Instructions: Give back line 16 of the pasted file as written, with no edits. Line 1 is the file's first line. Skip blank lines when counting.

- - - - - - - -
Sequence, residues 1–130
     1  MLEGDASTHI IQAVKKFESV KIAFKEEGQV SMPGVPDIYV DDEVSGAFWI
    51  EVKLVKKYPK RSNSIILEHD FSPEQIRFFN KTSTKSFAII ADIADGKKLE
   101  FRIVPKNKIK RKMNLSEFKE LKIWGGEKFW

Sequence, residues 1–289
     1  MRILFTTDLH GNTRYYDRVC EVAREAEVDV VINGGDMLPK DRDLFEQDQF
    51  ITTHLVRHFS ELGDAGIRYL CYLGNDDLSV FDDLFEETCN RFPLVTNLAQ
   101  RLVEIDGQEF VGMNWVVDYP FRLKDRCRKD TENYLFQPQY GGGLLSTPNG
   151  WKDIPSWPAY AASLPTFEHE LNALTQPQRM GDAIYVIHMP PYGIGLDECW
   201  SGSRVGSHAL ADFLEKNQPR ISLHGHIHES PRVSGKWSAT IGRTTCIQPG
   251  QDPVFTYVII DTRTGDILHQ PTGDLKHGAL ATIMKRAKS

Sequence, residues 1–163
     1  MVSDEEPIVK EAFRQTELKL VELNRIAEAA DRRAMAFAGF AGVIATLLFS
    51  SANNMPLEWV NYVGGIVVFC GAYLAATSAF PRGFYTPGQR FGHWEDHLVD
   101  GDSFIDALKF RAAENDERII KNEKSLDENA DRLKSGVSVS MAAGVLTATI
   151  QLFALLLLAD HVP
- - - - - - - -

   151  QLFALLLLAD HVP